Infertility Symptoms in men
In around half of infertility facing couples, malefactors are the issue. So, understanding the entire male reproduction process is important. Sperms are produced in the testes. It is where the male hormone testosterone is produced too. In a healthy man, on an average, about 100 million sperms are produced every day. It takes nearly 3 months for the entire sperm production and maturing process to complete. Also, if you have any serious problems, the sperm production process will get inhibited for up to 3 months.
Most common factors behind male infertility are Teratospermia (where a lot of the sperms produced are shaped abnormally), Oligospermia (where comparatively few cells are produced) and Azoospermia (where there are zero sperms produced). In some cases, the reason behind the male infertility is the fact that although sperms are produced, either they are either malformed, or they die before they reach to the egg. Also, do note that just because you have successfully conceived a baby before doesn’t mean that you cannot suffer any infertility issues later.
List of All Infertility Factors
Low Sperm Count / Oligospermia
When the semen has an abnormally low amount of sperm in it, it is called as oligospermia and is a common infertility cause in men. In a majority of cases, this semen may also have sperms with mobility and morphological issues.
A varicocele is a condition where the vein inside your scrotum gets enlarged. It is similar to experiencing varicose vein in your leg. These veins are termed as pampiniform plexus. 10 to 15% male population experiences this condition.
What Happens Normally?
The job of the male reproductive system is to make, store and move the sperm. The skin that holds the testicles (or testes) is named as a scrotum. The hormone testosterone and sperms are manufactured in the testes. These sperms mature when they move inside this coiled tube, named epididymis, which is behind each testis.
The sperms travel through the epididymis via this tube named vas deferens. While ejaculation, the seminal fluid mixes along with the sperm inside the prostate to become semen. And this semen is what gets ejaculated from your penis. The spermatic cord is what contains the vas deferens and the testicular artery (it introduces blood inside the testicle). It also contains the pampiniform plexus, a group of veins that are inter-connected and it drains blood out from the testicles. The job of pampiniform plexus is to cool the blood down in the testicular artery before it goes inside the testicles. This is to maintain the temperature necessary for sperm production.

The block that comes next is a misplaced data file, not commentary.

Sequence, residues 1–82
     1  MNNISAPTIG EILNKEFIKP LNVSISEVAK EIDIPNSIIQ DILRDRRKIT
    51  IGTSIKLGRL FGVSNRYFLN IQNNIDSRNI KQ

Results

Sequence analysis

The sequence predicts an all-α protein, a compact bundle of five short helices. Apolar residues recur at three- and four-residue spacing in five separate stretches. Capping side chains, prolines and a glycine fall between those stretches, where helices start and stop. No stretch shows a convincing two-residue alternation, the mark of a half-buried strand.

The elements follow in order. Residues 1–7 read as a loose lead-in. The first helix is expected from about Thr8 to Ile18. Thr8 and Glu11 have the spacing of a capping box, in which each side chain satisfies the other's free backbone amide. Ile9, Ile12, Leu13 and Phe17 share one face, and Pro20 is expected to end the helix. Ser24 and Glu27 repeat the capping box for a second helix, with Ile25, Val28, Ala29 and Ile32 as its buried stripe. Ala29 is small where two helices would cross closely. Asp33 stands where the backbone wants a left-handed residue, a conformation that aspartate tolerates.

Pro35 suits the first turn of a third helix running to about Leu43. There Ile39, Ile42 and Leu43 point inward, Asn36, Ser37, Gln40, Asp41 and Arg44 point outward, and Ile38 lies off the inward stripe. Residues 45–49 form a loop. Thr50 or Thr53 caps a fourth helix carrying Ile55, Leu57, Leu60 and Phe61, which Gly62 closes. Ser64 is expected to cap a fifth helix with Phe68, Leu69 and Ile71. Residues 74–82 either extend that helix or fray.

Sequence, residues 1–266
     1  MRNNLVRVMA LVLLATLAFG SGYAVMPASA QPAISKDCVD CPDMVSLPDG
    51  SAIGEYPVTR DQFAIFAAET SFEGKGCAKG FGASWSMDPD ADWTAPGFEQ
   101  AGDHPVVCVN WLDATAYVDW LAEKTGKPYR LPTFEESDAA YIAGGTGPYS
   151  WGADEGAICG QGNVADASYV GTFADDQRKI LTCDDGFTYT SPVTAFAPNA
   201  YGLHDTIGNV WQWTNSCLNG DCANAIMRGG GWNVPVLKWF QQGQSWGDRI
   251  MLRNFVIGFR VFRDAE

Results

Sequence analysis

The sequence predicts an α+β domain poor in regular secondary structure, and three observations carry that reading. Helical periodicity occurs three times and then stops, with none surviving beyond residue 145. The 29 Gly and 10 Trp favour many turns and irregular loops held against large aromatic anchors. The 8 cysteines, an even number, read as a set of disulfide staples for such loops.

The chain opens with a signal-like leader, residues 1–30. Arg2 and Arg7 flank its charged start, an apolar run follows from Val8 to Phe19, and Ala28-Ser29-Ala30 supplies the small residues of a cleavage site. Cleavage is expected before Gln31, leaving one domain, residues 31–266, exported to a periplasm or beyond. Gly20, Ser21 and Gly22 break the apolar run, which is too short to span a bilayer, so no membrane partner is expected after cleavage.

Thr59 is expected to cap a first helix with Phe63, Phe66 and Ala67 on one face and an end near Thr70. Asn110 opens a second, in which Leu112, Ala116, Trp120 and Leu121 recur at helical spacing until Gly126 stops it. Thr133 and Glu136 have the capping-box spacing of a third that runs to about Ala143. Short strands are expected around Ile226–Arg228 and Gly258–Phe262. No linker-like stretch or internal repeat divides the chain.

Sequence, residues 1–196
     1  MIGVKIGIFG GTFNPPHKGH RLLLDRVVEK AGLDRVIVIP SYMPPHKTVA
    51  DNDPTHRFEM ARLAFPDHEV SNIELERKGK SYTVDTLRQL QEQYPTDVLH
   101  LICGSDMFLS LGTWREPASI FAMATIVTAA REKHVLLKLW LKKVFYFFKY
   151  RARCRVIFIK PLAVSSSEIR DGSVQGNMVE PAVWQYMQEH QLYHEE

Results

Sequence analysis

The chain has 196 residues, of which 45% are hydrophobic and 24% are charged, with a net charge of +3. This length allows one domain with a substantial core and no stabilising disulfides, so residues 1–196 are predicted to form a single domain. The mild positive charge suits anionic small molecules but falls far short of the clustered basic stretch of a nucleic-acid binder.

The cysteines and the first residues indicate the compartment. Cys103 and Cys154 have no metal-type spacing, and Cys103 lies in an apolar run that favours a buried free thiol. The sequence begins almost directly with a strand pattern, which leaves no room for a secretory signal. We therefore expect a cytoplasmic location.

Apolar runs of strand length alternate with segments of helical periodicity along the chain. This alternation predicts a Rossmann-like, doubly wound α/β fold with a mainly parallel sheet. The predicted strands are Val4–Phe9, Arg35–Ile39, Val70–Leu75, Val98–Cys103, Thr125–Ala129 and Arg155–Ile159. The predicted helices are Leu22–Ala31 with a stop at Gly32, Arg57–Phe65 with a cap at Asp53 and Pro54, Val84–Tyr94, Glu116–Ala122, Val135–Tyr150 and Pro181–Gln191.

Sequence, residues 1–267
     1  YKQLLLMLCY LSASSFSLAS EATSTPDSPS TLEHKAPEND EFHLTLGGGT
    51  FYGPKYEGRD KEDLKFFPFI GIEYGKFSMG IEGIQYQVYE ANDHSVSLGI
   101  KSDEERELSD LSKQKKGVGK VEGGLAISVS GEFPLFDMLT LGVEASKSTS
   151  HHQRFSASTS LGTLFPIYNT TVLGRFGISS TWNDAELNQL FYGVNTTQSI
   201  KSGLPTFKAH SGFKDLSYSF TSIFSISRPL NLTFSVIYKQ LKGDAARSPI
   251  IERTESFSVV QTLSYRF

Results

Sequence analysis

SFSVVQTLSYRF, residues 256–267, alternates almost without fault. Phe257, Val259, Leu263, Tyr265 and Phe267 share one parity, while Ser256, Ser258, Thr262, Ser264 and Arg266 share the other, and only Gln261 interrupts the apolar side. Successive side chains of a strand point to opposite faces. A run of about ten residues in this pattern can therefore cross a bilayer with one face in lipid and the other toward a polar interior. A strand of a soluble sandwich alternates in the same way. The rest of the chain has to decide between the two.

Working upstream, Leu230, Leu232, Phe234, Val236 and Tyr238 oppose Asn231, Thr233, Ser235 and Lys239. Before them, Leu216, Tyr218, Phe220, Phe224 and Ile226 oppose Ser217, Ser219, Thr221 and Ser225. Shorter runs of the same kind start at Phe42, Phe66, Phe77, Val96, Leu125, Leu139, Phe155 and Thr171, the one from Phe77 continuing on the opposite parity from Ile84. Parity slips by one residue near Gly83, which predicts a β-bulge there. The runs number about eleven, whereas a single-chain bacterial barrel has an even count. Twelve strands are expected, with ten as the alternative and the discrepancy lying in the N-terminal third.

What are Varicoceles?
When the pampiniform plexus veins get enlarged inside your scrotum. Most of the time this disease does not create any issues are is harmless. Sometimes, it can lead to problems infertility or can get one of the testicles to grow slower or shrink down. It can either exist on one side of the scrotum, or on both sides (however it’s uncommon to get on both sides).
Obstructive azoospermia is the condition where the man’s semen has no sperms in it. It can be a result of issues related to the delivery of sperm. 40% of the azoospermia cases are obstructive azoospermia. Most commonly, obstructive azoospermia is the consequence of the previous vasectomy, but other reasons are also there.
Causes of Obstructive Azoospermia
Issues related to the ductal system can also lead to obstructive azoospermia. Or, the ducts may be blocked, missing or the man may not have a vas deferens (It is the tube that delivers the sperm as a part of the ejaculation process). Obstructive azoospermia can also be a result of problems related to ejaculation. There might be issues related to the accumulation of sperm inside the urethra before ejaculation. Neurological damage because of a surgery, spinal cord injury or diabetes can also be a reason.
Treatments for Obstructive Azoospermia
A surgery called a vasoepididymostomy is performed on the patients who are suffering from this disease. It can be performed in men with an epididymal
obstruction, which can prevent the sperm from entering into the ejaculate. Roughly 20 to 40 percent of couples, where male related problems are the reason behind infertility, couples can achieve natural pregnancy, without incorporating any
Assisted Reproductive Techniques
If the man is suffering from ejaculatory duct obstruction, then a procedure named Transurethral Resection of the Ejaculatory Duct (TURED) may be an option. Around 50~75 percent of patients diagnosed with this problem start getting healthy ejaculations after this process. The pregnancy rate of such patients is 25%.
However, sperm retrieval techniques can also be a solution to this problem. The Assisted Reproductive Techniques (IVF or ICSI) can be used for fertilization by retrieving the healthy sperms directly from the epididymis or testes of the patient. Common methods of sperm retrieval include microsurgical epididymal sperm aspiration (MESA), percutaneous epididymal sperm aspiration (PESA), testicular sperm extraction (TESE), and percutaneous testicular sperm extraction (TESA).
Ideally, sperm retrieval from the male partner and egg retrieval from the female partner should be done on the same day or some time before egg retrieval. Some clinics like to use fresh sperm for the procedure. Multiple retrievals can also be done if need be. But it is advised to maintain a gap of 3 to 6 months. Ideally, ICSI should be executed before IVF because retrieved semen mostly does not have the ideal number of mobile sperms need for IUI or IVF without ICSI.